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Troubleshooting Static Machine Components


Mechanical Troubleshooting: Chapter 2


Troubleshooting Static Machine Components


In this module, we will learn about the failures of static components in a machine. We’ll also learn about how to troubleshoot these failures. Skip to quiz!


Static Machine Components


A mechanical system consists of stationary and moving components. Some of the stationary components that are part of a mechanical system are:

  • Mechanical seals, and

  • Valves.

Let’s look at each of them.


Mechanical Seals


Mechanical seals are leakage control devices used in mechanical systems. Mechanical seals prevent fluids, like water or oil, used by a machine from leaking into the external environment. For example, seals on a pump prevent the leakage of liquids.


Mechanical seals come in various forms. These include:

  • Spring seals,

  • Multi-spring seals,

  • Metal bellows seals, and

  • Cartridge seals.


Considering that there is more than one type of seal, it’s essential to identify their best application. Most seal failures occur by selecting the wrong seal for the application. So, we should always follow manufacturer recommendations to select a seal type.


Installing a seal in the wrong direction is another common cause of failure. Improper installation and mishandling of mechanical seal parts can cause chips and cracks in a seal ring.


A mechanical seal might fail due to poor lubrication, or no lubrication at all. When there is no liquid around a seal, it will increase the temperature inside a system. This rapid increase in temperature can damage o-rings or rubber on the seal.


A change in operating conditions may affect the performance of a mechanical seal. For example, high-pressure levels inside a pump can potentially cause parts of a seal to break off.


Now that we know the reasons for failure, let’s learn how to identify seal failures. Most seal failures are easy to identify visually. Common signs of seal failures are:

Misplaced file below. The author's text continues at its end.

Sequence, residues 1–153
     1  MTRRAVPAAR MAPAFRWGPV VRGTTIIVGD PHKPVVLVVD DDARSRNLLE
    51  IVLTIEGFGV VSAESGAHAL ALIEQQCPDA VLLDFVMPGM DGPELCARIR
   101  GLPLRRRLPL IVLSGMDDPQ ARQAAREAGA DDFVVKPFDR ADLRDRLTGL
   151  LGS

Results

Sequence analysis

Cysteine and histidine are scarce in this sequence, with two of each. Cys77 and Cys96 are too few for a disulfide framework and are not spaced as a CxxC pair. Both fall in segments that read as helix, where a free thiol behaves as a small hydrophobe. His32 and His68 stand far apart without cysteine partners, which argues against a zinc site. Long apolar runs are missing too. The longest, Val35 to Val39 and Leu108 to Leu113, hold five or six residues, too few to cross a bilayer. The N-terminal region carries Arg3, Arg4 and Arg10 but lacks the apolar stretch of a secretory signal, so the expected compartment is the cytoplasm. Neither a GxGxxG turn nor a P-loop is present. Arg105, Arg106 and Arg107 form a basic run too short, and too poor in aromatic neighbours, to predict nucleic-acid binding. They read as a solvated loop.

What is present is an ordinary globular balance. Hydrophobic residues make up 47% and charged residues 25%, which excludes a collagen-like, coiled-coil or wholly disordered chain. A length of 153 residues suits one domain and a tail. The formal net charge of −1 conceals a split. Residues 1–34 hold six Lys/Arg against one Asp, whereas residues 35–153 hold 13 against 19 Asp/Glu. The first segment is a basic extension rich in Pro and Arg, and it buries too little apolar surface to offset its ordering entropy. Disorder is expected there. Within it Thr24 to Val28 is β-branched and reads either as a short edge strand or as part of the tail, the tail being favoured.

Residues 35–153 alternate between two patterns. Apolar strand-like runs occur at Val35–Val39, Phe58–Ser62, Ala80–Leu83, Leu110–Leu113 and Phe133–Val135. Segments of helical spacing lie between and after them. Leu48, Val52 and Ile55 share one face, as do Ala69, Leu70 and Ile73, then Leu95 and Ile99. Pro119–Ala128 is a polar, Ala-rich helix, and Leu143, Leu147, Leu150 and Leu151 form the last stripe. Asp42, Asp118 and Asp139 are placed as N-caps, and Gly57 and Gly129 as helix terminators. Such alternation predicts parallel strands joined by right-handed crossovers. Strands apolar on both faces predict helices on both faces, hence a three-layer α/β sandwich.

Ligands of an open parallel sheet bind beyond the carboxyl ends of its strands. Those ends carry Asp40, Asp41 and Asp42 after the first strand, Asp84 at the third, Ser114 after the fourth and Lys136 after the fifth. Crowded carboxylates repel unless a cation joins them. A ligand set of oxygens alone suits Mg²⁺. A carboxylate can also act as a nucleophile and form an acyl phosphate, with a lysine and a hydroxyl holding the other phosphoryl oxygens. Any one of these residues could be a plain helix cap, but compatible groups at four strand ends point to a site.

• Deep grooves on a seal face,

  • Cracked seal face, and

  • Uneven wear tracks.


When you start noticing deep grooves on a seal face, inadequate lubrication may be to blame. However, these deep grooves could also be caused by abrasive materials present in the fluid used in a pump. When abrasives are embedded in the soft face of a seal, it forms a groove on the seal.


To troubleshoot this issue, flush the seal using proper lubricant. Consider using seal face materials that can withstand abrasive materials in the fluid carried by a pump.


Thermal shock and mechanical seal impact are two reasons a seal face can fracture or crack. To troubleshoot this failure:

  • Avoid uneven or over-tightening of seals, and

  • Eliminate the cause of shock or impact, like misalignment of a shaft.


An even wear track on a seal face usually indicates good contact between the mating seal rings. An uneven wear pattern will usually indicate that a seal ring is distorted due to over tightening, clamping, or excessive pressure.


Other culprits for an uneven wear pattern could be elevated temperatures. We always need to review installation guidelines, techniques, and current operating conditions for the proper running of a seal.


Apply a small amount of grease to the seal and the area of the shaft in contact with the seal. Orient your seal the same way as the initial install. The last step involves the actual pressing-in of the seal.



Valves


Many factors can cause valve failure. Some of the more prominent causes include:

  • Worn elastomers and seat seals,